how could any Christian's heart not be warmed when they read the answer to the first 

question therein?

     Question 1. What is thy only comfort in life and death?

     Answer: That I with body and soul, both in life and death, am not my own, but belong            unto my faithful Saviour Jesus Christ; who, with his precious blood, has fully satisfied for      all my sins, and delivered me from all the power of the devil; and so preserves me that          without the will of my heavenly Father, not a hair can fall from my head; yea, that all              things must be subservient to my salvation, and therefore, by his Holy Spirit, He also            assures me of eternal life, and makes me sincerely willing and ready, henceforth, to live        unto him.

By the way, if you're an auditory learner and even if you're not, visit http://www.rcus.org/audio-heidelberg-catechism/http://www.rcus.org/audio-heidelberg-catechism/ to hear my friend the Rev'd George Syms, who has one of the best preaching voices ever, read that work – you'll be blessed.
      I've spent a lot of time extolling the Anglican Articles of Religion but I'm aware that most of my readers, even around Charleston, aren't Anglicans or Episcopalians. I'd still encourage those who've not done so to read their church's confessional statements. Presbyterians, check out the Westminster Standards, Lutherans, dust off your Concord Books, Methodists, read over your own Articles (lightly edited by Wesley to soften the Calvinism found in the Church of England's Articles), Baptists, review your copies of the Faith and Message and the London Confession of Faith, Roman Catholics, read your Catechism. The Church as a whole has done a poor job of Catechesis and Christians of all stripes need to ground themselves in the teaching of their churches to combat at least two forces: secularism and modernism.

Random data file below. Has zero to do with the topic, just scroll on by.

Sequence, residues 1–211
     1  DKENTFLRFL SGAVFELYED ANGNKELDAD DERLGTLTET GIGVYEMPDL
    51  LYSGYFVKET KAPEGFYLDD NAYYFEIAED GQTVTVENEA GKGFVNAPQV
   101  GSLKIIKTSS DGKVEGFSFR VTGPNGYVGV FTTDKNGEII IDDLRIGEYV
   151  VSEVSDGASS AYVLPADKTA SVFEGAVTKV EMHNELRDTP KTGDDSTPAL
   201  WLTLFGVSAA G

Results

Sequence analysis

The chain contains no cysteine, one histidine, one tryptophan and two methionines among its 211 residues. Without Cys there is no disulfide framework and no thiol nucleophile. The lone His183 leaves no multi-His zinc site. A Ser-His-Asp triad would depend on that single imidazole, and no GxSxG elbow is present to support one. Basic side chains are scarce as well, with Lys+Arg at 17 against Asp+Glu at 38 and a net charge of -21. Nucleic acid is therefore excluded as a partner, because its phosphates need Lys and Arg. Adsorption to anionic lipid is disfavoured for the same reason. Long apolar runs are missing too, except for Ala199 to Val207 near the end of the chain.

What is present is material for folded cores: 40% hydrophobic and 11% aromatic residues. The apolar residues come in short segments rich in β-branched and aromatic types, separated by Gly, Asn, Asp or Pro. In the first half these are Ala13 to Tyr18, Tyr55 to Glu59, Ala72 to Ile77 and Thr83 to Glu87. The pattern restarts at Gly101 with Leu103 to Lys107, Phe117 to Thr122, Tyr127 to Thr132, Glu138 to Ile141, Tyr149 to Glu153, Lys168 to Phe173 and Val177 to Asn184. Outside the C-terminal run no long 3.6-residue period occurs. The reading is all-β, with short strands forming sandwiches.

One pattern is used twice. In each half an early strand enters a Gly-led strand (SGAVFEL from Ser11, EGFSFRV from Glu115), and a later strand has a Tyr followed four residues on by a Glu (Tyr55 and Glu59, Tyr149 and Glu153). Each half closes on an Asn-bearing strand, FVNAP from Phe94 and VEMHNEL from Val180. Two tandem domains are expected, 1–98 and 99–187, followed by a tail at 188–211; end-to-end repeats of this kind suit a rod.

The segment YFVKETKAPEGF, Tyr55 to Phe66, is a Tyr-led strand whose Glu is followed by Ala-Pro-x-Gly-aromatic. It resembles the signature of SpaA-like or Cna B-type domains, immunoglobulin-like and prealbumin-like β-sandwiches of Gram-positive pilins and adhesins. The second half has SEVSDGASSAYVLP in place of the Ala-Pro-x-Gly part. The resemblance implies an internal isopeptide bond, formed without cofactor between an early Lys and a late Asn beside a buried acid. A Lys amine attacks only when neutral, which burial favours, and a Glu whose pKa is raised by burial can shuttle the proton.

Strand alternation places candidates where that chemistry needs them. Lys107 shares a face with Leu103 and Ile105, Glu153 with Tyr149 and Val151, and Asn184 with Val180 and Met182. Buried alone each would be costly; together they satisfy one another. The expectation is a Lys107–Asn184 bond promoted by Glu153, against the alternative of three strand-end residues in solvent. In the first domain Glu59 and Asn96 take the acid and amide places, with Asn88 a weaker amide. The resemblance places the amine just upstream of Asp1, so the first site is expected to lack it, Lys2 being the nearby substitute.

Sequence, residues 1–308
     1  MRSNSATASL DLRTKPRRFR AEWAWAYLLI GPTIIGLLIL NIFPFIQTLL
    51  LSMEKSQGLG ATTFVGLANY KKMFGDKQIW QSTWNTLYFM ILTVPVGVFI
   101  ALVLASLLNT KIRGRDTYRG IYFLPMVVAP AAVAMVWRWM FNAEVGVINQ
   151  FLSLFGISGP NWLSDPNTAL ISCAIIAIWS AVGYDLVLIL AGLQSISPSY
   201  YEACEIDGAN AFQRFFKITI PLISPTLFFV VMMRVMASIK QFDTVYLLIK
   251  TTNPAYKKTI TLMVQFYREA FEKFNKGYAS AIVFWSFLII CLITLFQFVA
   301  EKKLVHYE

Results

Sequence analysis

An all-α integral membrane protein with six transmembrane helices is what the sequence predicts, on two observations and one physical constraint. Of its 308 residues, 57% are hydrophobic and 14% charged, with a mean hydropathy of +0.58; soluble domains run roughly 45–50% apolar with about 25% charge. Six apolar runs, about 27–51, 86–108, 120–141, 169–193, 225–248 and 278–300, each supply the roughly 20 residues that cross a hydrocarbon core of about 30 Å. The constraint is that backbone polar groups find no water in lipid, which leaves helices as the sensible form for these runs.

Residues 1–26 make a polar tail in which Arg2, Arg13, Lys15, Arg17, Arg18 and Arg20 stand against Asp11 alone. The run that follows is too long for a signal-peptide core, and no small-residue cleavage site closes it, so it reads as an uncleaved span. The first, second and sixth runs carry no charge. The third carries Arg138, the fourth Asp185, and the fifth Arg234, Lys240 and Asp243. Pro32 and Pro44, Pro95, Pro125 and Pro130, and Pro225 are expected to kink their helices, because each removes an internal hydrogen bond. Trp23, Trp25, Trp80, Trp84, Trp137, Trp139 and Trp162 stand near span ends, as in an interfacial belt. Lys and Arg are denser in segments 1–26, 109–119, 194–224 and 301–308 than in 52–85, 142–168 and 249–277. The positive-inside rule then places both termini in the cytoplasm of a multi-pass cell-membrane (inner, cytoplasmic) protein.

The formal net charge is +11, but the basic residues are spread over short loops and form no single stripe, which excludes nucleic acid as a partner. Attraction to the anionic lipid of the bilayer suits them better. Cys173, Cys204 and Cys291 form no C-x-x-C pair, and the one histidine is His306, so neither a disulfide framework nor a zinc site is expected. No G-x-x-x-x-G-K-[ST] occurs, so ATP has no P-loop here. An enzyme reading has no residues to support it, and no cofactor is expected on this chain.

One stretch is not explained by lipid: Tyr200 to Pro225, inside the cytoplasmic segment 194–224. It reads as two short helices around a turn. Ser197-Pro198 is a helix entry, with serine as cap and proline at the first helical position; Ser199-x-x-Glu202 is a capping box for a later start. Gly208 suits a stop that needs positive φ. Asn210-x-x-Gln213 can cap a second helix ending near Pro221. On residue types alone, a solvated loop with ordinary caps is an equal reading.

We live, as we are often reminded, in a post-Christian age. The veneer of respect that was accorded the Church in previous generations is rapidly dissipating and a Christian who doesn't know what they believe or why they believe it is and easy target for those who would seek to minimize the impact of Christianity upon society. Doctrinal statements help to provide just that kind of knowledge.
     There are, sadly, also those forces within the Church who would subvert the historical teaching of the same. While traveling under the brand of historic churches, there are those who teach anything but and are often in staunch opposition to the church's teaching. When clergy and others who teach are familiar with their confessional statements then they can check themselves to be sure that they are teaching people the faith; when laity are conversant in them they can be sure that they are getting that historic faith.
     Delve deep into the knowledge of God – it is effort that will be richly rewarded as you learn more of Him who knows us intimately and loves us profoundly.

     The Rev'd Charles A. Collins, Jr., currently serves as the Vicar of The Church of the Atonement, a Reformed Episcopal parish of the Anglican Church in North America in Mount Pleasant. He may be contacted at: drew.collins (at) gmail.com and more information about the parish may be found at: https://www.facebook.com/atonementrec/